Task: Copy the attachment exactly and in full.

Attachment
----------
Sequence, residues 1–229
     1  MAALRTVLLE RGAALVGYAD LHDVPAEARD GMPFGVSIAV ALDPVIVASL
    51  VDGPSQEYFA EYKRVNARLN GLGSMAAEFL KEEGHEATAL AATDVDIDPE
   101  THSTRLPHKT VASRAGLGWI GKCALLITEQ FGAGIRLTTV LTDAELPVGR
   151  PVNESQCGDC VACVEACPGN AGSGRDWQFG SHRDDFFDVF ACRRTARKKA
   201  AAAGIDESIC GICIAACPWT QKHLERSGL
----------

Sequence, residues 1–229
     1  MAALRTVLLE RGAALVGYAD LHDVPAEARD GMPFGVSIAV ALDPVIVASL
    51  VDGPSQEYFA EYKRVNARLN GLGSMAAEFL KEEGHEATAL AATDVDIDPE
   101  THSTRLPHKT VASRAGLGWI GKCALLITEQ FGAGIRLTTV LTDAELPVGR
   151  PVNESQCGDC VACVEACPGN AGSGRDWQFG SHRDDFFDVF ACRRTARKKA
   201  AAAGIDESIC GICIAACPWT QKHLERSGL